Naturally, when the time came that we needed to hire someone on, we went to him because he knew us, and he knew our system, and he understands our somewhat unique kitchen language. We were all excited to have him come back, because after a couple months, we did miss the guy a bit.
We've come to the realization that we don't know why we missed him.
During those months between externship and job, he somehow managed to wriggle that fat head of his further into the depths of his cavernous rectum, like a baby crawling back into the womb. It was terrible. Kitchens, like other businesses and offices, has a hierarchy. It starts at the Owner, then the Executive Chef (in our case, its the same person), then the Sous Chef, then line cooks, then pantry cook, then prep cook, then dishwasher, with culinary school externs bringing up the very rear. In our kitchen, the hierarchy is very small. It starts with Patrick (executive chef/owner), followed by Rob (sous chef), followed by me (pantry cook), and then bringing up the rear was our sphincter spelunking friend, Joel (prep/dishwasher).
In the wake of Joel's first month back with us though, we had to edit the chain of command significantly to put his ego in check, so it went from Patrick, Rob, Kyle, Joel; to Patrick, Rob, Kyle, Top Oven, Fryer, Bottom Oven, Timmy (used to work for us, but his work was absolutely horrific), Joel. That's right, we put him after 3 inanimate objects and a former employee. He was that bad.
At first, we were all excited to have him back. However, we had brought him back in because we were expanding, and since we had 2 externs already working with us, we needed him to supervise them and lead the way on prep work, since the rest of us were busy with things that he wasn't qualified to do. Then the problems started.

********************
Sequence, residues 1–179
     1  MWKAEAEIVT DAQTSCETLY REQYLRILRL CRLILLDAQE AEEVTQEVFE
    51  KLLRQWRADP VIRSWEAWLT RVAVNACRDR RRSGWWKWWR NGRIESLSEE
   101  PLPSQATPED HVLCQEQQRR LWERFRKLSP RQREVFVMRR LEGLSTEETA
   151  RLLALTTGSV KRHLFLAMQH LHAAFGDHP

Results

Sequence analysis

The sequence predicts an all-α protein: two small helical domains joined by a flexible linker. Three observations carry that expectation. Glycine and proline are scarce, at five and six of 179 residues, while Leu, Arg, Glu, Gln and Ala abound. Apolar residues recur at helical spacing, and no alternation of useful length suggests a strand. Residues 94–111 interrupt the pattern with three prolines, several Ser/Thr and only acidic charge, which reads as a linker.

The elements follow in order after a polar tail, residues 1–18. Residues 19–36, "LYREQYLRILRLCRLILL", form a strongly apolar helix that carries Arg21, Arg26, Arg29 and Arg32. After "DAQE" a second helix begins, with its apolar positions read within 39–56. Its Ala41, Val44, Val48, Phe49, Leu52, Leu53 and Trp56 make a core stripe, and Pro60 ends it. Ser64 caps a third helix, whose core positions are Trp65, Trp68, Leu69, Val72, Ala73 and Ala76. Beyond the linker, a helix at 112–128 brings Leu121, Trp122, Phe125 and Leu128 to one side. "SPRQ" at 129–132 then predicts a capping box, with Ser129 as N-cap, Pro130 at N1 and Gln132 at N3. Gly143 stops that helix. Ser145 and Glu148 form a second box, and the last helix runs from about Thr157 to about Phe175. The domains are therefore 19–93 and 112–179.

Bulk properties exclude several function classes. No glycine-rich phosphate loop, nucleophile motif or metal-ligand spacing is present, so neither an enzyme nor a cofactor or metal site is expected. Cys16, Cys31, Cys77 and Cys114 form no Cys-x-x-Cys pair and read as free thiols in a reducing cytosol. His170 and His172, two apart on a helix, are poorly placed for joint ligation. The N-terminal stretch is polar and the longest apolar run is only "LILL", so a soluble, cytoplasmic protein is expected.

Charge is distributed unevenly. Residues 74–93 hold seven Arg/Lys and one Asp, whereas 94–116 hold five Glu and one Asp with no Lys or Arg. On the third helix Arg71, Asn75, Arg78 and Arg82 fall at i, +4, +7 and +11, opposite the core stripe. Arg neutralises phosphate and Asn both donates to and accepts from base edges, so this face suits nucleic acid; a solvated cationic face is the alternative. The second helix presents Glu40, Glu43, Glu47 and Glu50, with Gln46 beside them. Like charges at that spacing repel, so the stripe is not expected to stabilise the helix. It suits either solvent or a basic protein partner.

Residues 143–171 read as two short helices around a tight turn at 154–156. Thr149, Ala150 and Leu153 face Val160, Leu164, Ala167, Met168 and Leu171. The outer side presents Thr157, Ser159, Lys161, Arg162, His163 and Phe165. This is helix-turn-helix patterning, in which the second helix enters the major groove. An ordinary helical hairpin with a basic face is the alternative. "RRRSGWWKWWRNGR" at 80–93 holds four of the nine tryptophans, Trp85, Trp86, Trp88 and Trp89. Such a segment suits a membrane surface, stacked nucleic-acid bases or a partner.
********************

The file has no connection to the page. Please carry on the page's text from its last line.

***Pro Tip: When you start a job, make sure you understand what it is you're supposed to do***
Joel came in. The externs had been with us for 2 months. We just started a new menu (we rotate it monthly). Joel didn't know anything about it. With this knowledge, and the knowledge that your job is to prep/supervise the externs, your job shouldn't be that difficult. Every day, we would arrive at the commissary kitchen where Joel and the externs were, and we would be greeted with busy externs, and Joel sitting outside with a cigarette in his hand, stroking his engorged belly, telling us there was no prep to do. We would inevitably go into the kitchen and pick up our knives, because there was always prep to do. Rob tells me this is the most accurate description of Joel's behavior that he has heard.
And it only got worse from there. I'd like to keep this post at a readable length though, so we'll finish the tale of the lazy tard tomorrow.